Indian J Med Microbiol Close
 

Figure 2: A 24-year-old left-handed man with refractory extratemporal seizures (case 1-Table 1). (a) Multiple scalp lacerations resulting from epileptic falls. (b and c) MRI brain (T1) showing left parietal porencephalic cyst. (d) Functional MRI demonstrates language lateralization to right hemisphere. During VEEG, interictal epileptiform discharges were noted from left posterior head region, left temporal, and right temporal regions (arrows) (e, f, and g). Multiple habitual seizures were captured without clear lateralization with early head deviation to the left. Ictal EEG showed subtle alphoid rhythm over the right frontal temporal regions (h). Invasive monitoring with coverage of bilateral frontal lobes, left temporal and left parietal occipital regions with multiple subdural lines documented typical habitual seizures to start from left parieto-occipital region with low amplitude fast rhythm and spreading rapidly to the frontal regions causing early head deviation to left side and fi nally ictal rhythm dominantly evolved over the left temporal region (i). Intraoperatively, the gliosis extended from the parietal region to the temporal lobe. Very frequent temporal spikes were seen on corticography. Left Posterior quadrant disconnection done with grade I outcome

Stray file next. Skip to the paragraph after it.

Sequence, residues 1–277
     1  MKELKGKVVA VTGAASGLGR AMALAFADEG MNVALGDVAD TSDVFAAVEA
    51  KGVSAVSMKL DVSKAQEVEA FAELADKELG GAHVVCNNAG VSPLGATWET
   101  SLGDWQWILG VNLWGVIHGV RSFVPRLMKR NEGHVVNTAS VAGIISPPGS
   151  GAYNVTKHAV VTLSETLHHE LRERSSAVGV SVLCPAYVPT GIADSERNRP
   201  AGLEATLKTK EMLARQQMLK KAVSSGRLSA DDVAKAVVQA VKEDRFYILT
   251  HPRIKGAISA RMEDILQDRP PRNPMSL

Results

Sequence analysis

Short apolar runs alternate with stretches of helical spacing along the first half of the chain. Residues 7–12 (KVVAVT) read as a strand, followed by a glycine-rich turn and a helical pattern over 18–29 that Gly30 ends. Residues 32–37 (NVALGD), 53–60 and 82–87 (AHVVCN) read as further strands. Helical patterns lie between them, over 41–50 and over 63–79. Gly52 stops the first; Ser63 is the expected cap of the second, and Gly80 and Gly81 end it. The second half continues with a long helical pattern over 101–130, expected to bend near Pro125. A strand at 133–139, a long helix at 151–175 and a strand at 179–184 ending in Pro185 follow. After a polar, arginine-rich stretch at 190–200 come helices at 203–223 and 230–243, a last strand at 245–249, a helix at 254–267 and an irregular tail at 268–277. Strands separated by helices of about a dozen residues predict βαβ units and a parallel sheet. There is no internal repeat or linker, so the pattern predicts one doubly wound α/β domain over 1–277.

Figure 2: A 24-year-old left-handed man with refractory extratemporal seizures (case 1-Table 1). (a) Multiple scalp lacerations resulting from epileptic falls. (b and c) MRI brain (T1) showing left parietal porencephalic cyst. (d) Functional MRI demonstrates language lateralization to right hemisphere. During VEEG, interictal epileptiform discharges were noted from left posterior head region, left temporal, and right temporal regions (arrows) (e, f, and g). Multiple habitual seizures were captured without clear lateralization with early head deviation to the left. Ictal EEG showed subtle alphoid rhythm over the right frontal temporal regions (h). Invasive monitoring with coverage of bilateral frontal lobes, left temporal and left parietal occipital regions with multiple subdural lines documented typical habitual seizures to start from left parieto-occipital region with low amplitude fast rhythm and spreading rapidly to the frontal regions causing early head deviation to left side and fi nally ictal rhythm dominantly evolved over the left temporal region (i). Intraoperatively, the gliosis extended from the parietal region to the temporal lobe. Very frequent temporal spikes were seen on corticography. Left Posterior quadrant disconnection done with grade I outcome